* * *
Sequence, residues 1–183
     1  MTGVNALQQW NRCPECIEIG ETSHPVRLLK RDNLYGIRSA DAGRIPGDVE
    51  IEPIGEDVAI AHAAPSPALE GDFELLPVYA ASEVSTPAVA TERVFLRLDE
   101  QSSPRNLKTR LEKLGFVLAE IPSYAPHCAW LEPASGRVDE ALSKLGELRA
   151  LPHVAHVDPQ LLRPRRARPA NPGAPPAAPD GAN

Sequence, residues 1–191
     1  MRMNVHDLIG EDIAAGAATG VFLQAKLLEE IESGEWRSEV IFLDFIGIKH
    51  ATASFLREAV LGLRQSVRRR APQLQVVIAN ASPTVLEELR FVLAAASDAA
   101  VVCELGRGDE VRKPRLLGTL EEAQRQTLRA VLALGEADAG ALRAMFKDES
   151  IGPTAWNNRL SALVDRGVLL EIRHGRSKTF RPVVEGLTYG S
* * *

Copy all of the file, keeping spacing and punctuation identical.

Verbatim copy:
Sequence, residues 1–183
     1  MTGVNALQQW NRCPECIEIG ETSHPVRLLK RDNLYGIRSA DAGRIPGDVE
    51  IEPIGEDVAI AHAAPSPALE GDFELLPVYA ASEVSTPAVA TERVFLRLDE
   101  QSSPRNLKTR LEKLGFVLAE IPSYAPHCAW LEPASGRVDE ALSKLGELRA
   151  LPHVAHVDPQ LLRPRRARPA NPGAPPAAPD GAN

Sequence, residues 1–191
     1  MRMNVHDLIG EDIAAGAATG VFLQAKLLEE IESGEWRSEV IFLDFIGIKH
    51  ATASFLREAV LGLRQSVRRR APQLQVVIAN ASPTVLEELR FVLAAASDAA
   101  VVCELGRGDE VRKPRLLGTL EEAQRQTLRA VLALGEADAG ALRAMFKDES
   151  IGPTAWNNRL SALVDRGVLL EIRHGRSKTF RPVVEGLTYG S